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Organochlorine poisoning of herons

Proceedings of the Colonial Waterbird Group

Held at the Southwestern Louisiana University, Lafayette, LA, October 25-28, 1979
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Abstract

Over a period of years interested individuals have submitted many dead or moribund herons of various species to our laboratory to learn whether the birds had been affected by diseases or organochlorine poisoning. Residue concentrations in carcasses of birds and mammals are considered the best measure of sublethal exposure, whereas residues in brains are best to use for diagnosing death by most organochlorine chemicals.... The purpose of the present paper is to document the occurrence and concentration of organochlorine residues in the brains of herons from various areas in the United States. By comparing these residue concentrations with laboratory-determined diagnostic lethal levels, we conclude that some herons were killed by organochlorine poisoning; others were at least seriously endangered by the residues they carried. Complete results of carcass analyses for these and other herons, as well as further details? on residues in brains, will be reported elsewhere. Overall, we analyzed carcasses or brains of more than 70 herons found dead or moribund and 36 others taken in planned collections. Residue levels in carcasses of many herons were not high enough to warrant analysis of brains. In the present paper we compare carcass and brain residues of dieldrin in 23 herons of which both carcass and brain were analyzed.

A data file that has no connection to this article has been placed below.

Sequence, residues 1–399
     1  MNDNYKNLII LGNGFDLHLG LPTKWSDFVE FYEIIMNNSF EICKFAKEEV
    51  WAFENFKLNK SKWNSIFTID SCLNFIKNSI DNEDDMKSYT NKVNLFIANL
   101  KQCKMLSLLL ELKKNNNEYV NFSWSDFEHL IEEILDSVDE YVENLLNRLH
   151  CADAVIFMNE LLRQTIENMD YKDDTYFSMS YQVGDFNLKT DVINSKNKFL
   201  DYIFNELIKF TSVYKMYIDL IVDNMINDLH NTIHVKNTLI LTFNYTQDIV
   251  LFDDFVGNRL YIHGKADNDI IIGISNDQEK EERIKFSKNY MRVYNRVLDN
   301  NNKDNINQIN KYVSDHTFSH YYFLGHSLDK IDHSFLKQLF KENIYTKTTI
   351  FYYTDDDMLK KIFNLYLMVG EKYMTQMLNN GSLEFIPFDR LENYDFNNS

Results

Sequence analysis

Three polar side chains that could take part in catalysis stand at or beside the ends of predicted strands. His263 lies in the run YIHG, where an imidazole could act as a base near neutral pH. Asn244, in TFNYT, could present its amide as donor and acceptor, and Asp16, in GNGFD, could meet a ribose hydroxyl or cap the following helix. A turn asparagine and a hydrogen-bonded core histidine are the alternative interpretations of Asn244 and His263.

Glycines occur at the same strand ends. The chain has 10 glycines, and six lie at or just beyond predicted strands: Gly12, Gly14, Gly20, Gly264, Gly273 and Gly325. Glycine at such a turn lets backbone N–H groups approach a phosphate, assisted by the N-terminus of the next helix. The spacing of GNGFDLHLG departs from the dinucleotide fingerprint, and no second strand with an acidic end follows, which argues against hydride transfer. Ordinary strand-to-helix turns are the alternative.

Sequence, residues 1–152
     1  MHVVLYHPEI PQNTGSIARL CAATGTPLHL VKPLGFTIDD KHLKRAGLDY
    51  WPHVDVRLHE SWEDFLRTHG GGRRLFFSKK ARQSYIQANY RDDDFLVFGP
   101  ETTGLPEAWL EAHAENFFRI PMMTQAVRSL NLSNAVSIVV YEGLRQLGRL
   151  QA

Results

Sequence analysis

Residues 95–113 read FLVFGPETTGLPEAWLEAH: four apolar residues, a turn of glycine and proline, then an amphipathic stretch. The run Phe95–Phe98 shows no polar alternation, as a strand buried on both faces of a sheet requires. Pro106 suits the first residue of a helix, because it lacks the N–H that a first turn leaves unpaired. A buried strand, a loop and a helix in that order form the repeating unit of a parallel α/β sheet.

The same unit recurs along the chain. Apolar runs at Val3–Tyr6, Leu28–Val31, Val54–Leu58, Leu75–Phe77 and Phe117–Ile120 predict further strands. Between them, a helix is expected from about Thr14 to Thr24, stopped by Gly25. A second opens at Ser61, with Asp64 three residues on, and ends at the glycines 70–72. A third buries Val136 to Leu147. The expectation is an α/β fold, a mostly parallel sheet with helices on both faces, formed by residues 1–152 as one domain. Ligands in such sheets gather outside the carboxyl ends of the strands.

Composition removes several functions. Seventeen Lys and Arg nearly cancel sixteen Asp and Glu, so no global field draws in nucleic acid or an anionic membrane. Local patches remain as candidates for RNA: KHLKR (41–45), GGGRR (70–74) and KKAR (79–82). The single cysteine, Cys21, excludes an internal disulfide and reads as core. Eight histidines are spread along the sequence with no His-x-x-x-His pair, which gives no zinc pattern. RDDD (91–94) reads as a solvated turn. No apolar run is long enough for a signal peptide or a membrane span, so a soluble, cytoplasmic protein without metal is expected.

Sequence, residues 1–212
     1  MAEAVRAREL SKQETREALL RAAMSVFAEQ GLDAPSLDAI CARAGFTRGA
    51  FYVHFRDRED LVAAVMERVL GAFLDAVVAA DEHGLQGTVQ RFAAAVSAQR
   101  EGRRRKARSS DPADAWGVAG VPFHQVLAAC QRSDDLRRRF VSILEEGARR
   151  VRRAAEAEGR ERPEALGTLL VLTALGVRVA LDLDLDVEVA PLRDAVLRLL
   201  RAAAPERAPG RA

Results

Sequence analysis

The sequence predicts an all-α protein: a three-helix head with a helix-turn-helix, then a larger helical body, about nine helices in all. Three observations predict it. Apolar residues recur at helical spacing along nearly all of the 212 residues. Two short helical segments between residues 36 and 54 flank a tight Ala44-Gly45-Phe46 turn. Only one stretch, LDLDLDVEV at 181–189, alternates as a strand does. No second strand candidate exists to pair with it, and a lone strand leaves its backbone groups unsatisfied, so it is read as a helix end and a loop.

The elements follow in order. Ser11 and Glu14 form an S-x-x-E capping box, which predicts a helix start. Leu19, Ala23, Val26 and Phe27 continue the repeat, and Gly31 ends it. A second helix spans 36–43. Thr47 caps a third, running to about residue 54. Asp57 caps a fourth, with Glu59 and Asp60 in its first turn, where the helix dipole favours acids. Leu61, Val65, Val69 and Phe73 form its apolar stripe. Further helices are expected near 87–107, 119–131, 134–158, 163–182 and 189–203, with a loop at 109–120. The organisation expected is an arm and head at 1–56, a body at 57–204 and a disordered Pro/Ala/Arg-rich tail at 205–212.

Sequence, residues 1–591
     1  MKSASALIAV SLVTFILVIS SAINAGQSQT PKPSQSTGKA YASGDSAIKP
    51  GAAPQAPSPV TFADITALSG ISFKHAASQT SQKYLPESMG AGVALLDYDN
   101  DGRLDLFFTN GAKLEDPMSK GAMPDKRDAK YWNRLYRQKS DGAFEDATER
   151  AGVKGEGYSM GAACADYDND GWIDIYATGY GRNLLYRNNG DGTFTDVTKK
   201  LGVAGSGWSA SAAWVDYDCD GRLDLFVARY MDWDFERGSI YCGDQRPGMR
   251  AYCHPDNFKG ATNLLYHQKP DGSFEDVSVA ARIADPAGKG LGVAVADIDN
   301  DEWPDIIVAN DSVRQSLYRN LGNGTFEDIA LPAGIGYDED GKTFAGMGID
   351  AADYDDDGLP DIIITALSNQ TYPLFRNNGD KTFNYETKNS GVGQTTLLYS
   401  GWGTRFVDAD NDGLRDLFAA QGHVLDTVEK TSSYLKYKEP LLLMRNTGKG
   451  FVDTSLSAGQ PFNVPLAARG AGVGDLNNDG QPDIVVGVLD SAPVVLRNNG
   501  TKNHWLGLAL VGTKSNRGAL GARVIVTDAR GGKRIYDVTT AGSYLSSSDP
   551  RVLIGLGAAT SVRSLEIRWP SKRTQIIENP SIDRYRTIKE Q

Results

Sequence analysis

Additional Publication Details

Publication type:
Article
Publication Subtype:
Journal Article
Title:
Organochlorine poisoning of herons
Series title:
Proceedings of the Colonial Waterbird Group
Volume
[3rd]
Year Published:
1979
Language:
English
Contributing office(s):
Patuxent Wildlife Research Center
Description:
176-185
Larger Work Type:
Article
Larger Work Subtype:
Journal Article
Larger Work Title:
Proceedings of the Colonial Waterbird Group
First page:
176
Last page:
185
Number of Pages:
10